27. Ada Lovelace – First Programmer In History

28. These Four Female Pilots Leaving Their Plane At The Four-Engine School At Lockbourne AAF (Early 1940s)

29. Leola N. King, America’s First Female Traffic Cop, Washington D.C. (1918)

30. Angela Davis (b. January 26, 1944), American Political Activist, Scholar, Author & Feminist.

31. Billie Jean King. Us Tennis Legend & Became The First Prominent Female Athlete To Come Out.

LGBT+ A-listers Pledge To Fight Against Sexual Harassment In The Workplace

To kick off 2018, women in Hollywood have announced a plan to fight back against sexual harassment and gender inequality in the entertainment industry and beyond.

The campaign was announced through a full-page ad in the New York Times which was a solidarity letter from all 300 women.

The open letter says that the Time’s Up campaign has been launched “for all victims and survivors to be able to access justice and support for the wrongdoing they have endured.”

The letter was inspired by the 700,000 female farmworkers who signed a solidarity letter in the wake of the Harvey Weinstein scandal.

In this letter, the women state:

“We have similarly suppressed the violence and demeaning harassment for fear that we will be attacked and ruined in the process of speaking. We share your feelings of anger and shame. We harbour fear that no one will believe us, that we will look weak or that we will be dismissed; and we are terrified that we will be fired or never hired again in retaliation.”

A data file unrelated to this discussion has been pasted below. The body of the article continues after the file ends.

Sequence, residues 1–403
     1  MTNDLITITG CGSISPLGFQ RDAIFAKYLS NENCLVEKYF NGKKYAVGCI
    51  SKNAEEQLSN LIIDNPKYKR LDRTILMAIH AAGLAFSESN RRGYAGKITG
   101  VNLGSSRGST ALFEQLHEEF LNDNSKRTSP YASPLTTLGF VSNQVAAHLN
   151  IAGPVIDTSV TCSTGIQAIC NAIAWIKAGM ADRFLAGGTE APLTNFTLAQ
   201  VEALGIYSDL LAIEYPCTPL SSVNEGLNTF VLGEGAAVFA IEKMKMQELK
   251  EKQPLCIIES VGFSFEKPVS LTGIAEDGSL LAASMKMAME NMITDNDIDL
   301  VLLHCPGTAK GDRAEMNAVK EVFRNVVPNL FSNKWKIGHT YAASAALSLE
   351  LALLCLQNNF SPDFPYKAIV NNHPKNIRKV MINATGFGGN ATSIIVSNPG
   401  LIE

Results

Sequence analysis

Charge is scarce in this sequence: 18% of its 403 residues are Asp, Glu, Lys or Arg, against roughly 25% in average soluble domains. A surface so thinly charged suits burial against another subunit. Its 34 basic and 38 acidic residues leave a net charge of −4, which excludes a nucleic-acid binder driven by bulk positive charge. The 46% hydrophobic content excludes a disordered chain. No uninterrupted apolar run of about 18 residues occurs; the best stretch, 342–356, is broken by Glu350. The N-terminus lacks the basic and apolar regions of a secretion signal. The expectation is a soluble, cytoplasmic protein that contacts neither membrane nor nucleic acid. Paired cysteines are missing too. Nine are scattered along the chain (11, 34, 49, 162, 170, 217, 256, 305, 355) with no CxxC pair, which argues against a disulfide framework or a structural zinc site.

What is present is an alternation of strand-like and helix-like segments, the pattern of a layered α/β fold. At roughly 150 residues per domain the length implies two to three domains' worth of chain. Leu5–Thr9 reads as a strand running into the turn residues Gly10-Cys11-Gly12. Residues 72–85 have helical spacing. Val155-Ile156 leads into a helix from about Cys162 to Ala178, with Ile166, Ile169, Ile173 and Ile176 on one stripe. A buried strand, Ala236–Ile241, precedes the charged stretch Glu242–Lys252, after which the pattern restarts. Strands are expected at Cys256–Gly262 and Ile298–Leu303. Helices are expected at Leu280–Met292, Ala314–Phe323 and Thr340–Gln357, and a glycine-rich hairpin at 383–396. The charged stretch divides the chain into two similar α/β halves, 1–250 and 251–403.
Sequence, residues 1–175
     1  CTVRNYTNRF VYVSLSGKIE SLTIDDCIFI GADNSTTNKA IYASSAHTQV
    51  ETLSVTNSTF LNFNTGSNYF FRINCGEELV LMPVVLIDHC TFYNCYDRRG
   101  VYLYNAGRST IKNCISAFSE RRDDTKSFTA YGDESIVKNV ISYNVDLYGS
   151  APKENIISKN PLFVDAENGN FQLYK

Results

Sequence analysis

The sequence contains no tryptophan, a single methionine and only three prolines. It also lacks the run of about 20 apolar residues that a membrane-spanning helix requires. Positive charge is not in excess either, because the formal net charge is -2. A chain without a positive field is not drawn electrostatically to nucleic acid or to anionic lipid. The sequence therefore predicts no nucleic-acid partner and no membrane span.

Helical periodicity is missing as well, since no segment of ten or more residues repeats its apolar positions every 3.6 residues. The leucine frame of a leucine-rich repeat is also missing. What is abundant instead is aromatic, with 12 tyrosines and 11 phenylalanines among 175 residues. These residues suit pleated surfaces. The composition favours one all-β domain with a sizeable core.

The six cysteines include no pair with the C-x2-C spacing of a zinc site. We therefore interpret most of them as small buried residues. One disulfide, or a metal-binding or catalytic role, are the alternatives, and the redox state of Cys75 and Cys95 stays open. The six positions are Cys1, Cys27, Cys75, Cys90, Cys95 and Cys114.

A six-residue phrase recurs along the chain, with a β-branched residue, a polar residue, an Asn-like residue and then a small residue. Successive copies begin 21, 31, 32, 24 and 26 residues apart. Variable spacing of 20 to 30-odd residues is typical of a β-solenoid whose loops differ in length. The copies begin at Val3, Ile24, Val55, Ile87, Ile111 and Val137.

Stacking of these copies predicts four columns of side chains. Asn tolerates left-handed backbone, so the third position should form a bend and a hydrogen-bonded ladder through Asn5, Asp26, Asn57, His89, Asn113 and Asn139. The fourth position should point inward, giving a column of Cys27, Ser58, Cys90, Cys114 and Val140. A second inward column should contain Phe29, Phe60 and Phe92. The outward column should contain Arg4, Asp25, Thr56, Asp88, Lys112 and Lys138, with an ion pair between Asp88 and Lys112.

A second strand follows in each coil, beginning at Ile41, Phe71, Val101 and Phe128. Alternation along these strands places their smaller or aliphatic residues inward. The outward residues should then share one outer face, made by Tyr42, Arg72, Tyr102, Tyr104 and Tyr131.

Many of the film-stars have since started using their influence on social media as a way of spreading the word about the Time’s Up campaign.

The initiative, per The New York Times, does not have a set leader; instead, it is run largely by volunteers. However, various initiatives that fall under the group’s umbrella have already been announced.

In December, Kathleen Kennedy kicked off the Commission on Sexual Harassment and Advancing Equality in the Workplace, a Hollywood-centric initiative led by Anita Hill.

Another initiative, 50/50 by 2020, has also been launched, with the goal of tasking networks, agencies, studios, unions, and others to create intersectional gender parity in their leadership by 2020.

There is also a separate commission focused on making sure the movement is fully intersectional and inclusive of women of color and the L.G.B.T.Q. community at large; Emmy winner Lena Waithe is part of that group, per the Times.

Talking to the Times, Waithe explained.

“No one wants to look back and say they stood at the sidelines.”

Meanwhile, Waithe has been vigorously to help get more people involved with the Time’s Up initiative.

Other Time’s Up members include the actresses Ashley Judd, Eva Longoria, America Ferrera, Natalie Portman, Rashida Jones, Emma Stone, Kerry Washington and Reese Witherspoon; the showrunner Jill Soloway; Donna Langley, chairwoman of Universal Pictures; the lawyers Nina L. Shaw and Tina Tchen, who served as Michelle Obama’s chief of staff; and Maria Eitel, an expert in corporate responsibility who is co-chairwoman of the Nike Foundation.